S&P 500 Tops 1400; Investors Cheer More Solid US Economic Data
PROVIDED BY Dow Jones & Company, Inc. - 3:17 PM 03/15/2012
Stocks higher after firm economic data on U.S. labor market, manufacturing activity
--S&P 500 tops 1400 for the first time since June 2008
--Dow on pace for seventh straight gain
By Chris Dieterich and Matt Jarzemsky
OF DOW JONES NEWSWIRES
NEW YORK (Dow Jones)--Stocks rose, as the S&P 500 topped 1400 for the first time in nearly four years, after firm readings on the jobs market and manufacturing activity.
The Dow Jones Industrial Average rose 36 points, or 0.3%, to 13220, with less than an hour before Thursday's closing bell. The Dow industrials are on course for a seventh consecutive gain, the longest streak since an eight-session run ended in February.
The Standard & Poor's 500-stock index rose six points, or 0.5%, to 1402, and the Nasdaq Composite gained 12 points, or 0.4%, to 3052.
Financial and industrial stocks were the big gainers among sectors in the S&P 500. Bank of America rose 3.9% and J.P. Morgan Chase gained 2.5% to lead the blue chips. Among blue chips, Cisco Systems fell 1.3% after announcing plans to acquire NDS Group, a U.K. video software maker, in a $4 billion deal. Apple edged 0.3% lower after briefly topping $600 for the first time.
In economic data, the number of U.S. workers filing new applications for unemployment benefits fell more than expected last week. New claims are hovering at about levels last seen four years ago. Meanwhile, manufacturers from upstate New York down to Delaware are seeing better business conditions this month, according to separate reports released Thursday by Federal Reserve banks.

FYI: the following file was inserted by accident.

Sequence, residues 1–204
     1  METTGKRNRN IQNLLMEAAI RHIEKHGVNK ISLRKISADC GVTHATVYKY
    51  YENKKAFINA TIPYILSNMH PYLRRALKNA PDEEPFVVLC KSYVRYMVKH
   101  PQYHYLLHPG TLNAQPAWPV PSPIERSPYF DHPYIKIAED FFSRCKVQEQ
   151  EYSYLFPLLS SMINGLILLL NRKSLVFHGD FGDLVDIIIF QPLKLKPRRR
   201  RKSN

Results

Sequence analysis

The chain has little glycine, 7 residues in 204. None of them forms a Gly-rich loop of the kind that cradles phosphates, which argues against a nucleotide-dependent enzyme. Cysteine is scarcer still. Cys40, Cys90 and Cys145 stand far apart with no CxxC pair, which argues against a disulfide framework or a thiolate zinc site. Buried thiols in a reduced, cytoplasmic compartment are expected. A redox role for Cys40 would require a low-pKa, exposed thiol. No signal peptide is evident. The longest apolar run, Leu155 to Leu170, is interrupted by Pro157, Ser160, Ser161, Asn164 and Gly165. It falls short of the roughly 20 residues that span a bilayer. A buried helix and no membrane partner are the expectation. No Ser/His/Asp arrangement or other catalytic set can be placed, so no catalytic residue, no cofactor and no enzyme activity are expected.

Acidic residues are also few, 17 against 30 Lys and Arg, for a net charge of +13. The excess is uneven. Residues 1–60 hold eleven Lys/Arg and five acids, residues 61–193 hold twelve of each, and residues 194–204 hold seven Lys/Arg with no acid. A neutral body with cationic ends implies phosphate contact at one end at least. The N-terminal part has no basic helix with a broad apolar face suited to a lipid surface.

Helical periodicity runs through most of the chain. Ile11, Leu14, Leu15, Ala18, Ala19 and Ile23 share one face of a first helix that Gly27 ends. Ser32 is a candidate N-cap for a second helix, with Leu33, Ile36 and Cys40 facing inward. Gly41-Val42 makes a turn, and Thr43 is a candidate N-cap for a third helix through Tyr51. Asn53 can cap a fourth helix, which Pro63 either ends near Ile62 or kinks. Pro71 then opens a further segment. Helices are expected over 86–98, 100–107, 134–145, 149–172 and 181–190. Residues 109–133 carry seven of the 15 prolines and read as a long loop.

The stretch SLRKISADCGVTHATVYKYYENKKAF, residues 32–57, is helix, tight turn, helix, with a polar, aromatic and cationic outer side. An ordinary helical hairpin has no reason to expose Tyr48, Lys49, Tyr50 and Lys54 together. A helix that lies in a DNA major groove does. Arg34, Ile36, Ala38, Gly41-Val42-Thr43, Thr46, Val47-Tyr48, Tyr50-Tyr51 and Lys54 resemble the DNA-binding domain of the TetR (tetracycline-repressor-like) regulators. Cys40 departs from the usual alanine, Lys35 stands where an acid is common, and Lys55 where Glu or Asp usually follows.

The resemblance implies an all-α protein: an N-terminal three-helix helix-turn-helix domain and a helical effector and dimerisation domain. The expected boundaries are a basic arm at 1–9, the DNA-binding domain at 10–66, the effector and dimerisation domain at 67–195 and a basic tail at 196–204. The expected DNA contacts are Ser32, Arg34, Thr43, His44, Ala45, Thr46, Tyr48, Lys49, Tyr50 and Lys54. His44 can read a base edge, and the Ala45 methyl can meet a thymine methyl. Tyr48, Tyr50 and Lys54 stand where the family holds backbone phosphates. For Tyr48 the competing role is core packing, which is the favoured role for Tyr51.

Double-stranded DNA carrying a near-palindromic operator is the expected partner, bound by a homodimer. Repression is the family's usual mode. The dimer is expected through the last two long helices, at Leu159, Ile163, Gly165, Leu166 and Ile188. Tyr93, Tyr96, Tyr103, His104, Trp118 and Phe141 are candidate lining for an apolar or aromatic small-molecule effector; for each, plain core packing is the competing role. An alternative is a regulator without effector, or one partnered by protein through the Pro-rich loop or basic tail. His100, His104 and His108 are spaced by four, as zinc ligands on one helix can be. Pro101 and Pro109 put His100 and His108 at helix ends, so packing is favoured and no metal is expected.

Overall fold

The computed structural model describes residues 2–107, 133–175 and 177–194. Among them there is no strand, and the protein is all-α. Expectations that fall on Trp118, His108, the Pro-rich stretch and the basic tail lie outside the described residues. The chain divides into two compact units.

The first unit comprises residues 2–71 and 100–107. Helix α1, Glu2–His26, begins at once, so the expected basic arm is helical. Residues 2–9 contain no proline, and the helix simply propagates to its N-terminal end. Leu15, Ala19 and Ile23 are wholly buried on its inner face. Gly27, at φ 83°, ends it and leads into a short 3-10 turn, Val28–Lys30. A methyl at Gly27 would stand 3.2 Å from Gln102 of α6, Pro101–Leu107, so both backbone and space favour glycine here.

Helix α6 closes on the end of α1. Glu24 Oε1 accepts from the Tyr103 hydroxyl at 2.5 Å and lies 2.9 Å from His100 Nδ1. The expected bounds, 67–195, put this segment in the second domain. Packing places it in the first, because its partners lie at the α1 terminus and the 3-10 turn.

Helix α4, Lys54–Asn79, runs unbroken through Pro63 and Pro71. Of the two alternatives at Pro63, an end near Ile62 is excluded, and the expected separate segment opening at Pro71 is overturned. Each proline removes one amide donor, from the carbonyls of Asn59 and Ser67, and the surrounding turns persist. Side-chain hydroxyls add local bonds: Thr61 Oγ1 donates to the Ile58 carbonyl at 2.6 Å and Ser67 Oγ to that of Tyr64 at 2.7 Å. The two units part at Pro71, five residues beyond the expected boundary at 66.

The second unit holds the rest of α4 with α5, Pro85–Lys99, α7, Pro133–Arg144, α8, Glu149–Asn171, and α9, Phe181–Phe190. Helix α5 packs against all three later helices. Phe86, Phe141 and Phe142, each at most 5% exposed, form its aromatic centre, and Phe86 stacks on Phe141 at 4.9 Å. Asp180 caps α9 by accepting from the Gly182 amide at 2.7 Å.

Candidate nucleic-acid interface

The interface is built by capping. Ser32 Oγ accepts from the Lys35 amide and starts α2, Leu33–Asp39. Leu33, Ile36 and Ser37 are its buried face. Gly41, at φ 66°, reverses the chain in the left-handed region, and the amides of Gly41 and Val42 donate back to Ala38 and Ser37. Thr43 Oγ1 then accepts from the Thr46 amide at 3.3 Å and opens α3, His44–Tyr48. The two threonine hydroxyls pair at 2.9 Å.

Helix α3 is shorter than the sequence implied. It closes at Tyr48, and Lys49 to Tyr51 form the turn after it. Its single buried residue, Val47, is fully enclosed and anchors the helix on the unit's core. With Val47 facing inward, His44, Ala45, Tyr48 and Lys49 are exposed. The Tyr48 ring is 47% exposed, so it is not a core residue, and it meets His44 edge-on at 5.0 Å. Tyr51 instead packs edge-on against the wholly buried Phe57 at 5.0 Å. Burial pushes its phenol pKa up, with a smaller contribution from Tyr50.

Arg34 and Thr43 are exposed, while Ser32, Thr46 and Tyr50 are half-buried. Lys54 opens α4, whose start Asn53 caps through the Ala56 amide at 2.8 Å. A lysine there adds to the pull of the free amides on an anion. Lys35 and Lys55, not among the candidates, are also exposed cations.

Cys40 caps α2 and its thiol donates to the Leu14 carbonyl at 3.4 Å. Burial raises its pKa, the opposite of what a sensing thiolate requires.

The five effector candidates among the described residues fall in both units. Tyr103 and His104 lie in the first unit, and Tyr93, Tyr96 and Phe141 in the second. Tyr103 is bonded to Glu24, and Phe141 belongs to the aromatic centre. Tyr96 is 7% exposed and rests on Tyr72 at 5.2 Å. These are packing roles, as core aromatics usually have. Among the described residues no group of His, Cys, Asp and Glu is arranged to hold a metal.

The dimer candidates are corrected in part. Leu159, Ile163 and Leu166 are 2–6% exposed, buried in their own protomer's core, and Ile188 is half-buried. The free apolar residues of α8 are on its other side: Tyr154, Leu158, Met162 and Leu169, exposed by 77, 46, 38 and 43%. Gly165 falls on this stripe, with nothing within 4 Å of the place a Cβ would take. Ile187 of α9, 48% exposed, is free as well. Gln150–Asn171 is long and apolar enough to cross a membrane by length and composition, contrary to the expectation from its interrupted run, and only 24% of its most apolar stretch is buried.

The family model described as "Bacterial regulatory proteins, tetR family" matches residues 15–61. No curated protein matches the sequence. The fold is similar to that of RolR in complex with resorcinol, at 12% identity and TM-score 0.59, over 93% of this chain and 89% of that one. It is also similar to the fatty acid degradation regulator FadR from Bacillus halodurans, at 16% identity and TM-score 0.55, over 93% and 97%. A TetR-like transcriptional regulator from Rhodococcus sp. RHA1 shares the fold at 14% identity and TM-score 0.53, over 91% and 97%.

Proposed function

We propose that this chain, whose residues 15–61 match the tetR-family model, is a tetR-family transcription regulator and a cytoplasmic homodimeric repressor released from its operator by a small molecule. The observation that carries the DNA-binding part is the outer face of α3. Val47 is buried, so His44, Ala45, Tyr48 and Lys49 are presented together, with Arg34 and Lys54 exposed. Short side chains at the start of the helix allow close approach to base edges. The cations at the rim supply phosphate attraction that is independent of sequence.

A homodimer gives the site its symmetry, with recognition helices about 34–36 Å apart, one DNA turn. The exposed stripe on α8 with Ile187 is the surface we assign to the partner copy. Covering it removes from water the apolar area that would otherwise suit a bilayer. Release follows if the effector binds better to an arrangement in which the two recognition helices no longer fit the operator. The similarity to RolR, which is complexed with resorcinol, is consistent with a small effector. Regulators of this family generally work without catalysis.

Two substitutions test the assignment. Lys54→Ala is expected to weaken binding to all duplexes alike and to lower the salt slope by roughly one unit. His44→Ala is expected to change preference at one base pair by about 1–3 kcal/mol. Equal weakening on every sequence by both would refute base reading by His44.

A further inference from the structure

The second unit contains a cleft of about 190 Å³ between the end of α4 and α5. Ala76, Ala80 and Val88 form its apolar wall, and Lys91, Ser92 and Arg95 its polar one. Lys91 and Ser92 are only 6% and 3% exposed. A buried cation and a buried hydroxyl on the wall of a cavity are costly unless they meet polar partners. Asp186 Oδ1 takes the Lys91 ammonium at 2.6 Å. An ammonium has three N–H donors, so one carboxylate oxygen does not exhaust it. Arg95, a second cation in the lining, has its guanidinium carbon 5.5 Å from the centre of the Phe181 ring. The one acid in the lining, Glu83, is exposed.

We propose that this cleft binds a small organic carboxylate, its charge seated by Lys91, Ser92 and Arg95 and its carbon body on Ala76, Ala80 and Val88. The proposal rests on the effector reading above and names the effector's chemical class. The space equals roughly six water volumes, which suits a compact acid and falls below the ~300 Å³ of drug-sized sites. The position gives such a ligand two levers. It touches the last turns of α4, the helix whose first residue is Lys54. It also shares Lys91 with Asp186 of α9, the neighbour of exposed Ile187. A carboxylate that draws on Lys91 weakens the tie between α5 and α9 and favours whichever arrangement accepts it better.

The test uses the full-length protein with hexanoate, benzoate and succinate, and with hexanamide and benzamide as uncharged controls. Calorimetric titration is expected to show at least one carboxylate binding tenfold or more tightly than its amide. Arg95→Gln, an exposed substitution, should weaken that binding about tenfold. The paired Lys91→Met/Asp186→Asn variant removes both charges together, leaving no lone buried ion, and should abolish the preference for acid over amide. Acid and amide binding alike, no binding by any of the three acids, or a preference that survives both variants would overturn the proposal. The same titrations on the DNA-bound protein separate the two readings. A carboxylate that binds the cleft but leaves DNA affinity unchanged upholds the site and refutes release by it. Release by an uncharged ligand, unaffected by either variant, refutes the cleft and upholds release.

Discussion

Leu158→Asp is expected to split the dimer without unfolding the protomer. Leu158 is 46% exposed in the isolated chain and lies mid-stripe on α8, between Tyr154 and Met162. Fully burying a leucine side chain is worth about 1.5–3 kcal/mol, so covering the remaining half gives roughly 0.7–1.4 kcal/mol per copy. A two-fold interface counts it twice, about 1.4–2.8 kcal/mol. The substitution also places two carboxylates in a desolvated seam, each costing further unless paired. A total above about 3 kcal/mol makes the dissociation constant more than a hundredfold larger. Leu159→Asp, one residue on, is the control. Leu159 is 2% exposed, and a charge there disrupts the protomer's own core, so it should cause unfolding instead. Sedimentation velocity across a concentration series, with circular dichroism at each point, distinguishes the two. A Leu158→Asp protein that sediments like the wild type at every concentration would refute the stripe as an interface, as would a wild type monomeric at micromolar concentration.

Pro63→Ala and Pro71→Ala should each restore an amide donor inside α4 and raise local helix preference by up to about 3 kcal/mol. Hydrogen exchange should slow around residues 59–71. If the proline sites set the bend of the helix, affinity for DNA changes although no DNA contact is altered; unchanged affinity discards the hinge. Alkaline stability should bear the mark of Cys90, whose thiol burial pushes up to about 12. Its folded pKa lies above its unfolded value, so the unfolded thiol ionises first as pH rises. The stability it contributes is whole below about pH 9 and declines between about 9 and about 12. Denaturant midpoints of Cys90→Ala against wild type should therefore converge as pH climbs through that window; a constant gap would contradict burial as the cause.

"You had another round of good economic data here in the U.S., [and] you're sort of in a situation where the economy is in a self-sustaining recovery," said John Canally, economist strategist at LPL Financial.
U.S. wholesale prices increased in February at the fastest pace in five months. The Producer Price Index increased a seasonally adjusted 0.4%, but producer prices were up 0.2% without energy and food components.
European markets reversed early losses and pushed higher, with the Stoxx Europe 600 up 0.3% to end with its highest close since July. The U.K.'s FTSE 100 Index, however, declined 0.1% after Fitch Ratings cuts its outlook on the U.K. to negative.
Asian bourses mostly were lower. China's Shanghai Composite fell 0.7%, but Japan's Nikkei Stock Average rose 0.7% to its highest close since July.
Crude-oil prices fell 0.1% to $105.43 a barrel, and gold added 1%, to $1659.10 a troy ounce. The dollar lost ground against the euro and yen. The yield on the 10-year Treasury note rose to 2.290%.
In other corporate news, Scholastic jumped 14% after it reported its fiscal third-quarter loss narrowed as the popularity of "The Hunger Games" series aided the children's book publisher's sales and improved margins. Scholastic also raised its full-year earnings estimate.
Guess slumped 10% as fiscal fourth-quarter revenue fell short of expectations, even as earnings were in line, and the apparel and accessories retailer provided first-quarter earnings and revenue outlooks well below projections.
Capital One Financial rose 3.4% after it said it plans to offer up to $1.25 billion of its common stock in a public sale to help fund its previously announced acquisition of HSBC's U.S. credit-card business.
Video-conferencing-technologies company Radvision advanced 4.4% after it agreed to be acquired by Avaya in a deal valued at $230 million.
Vera Bradley slid 10% after reporting fiscal fourth-quarter earnings and revenue that topped estimates, but provided a first-quarter earnings outlook that was below projections.
Winnebago Industries climbed 15% after reporting better-than-expected fiscal second-quarter revenue.
(END) Dow Jones Newswires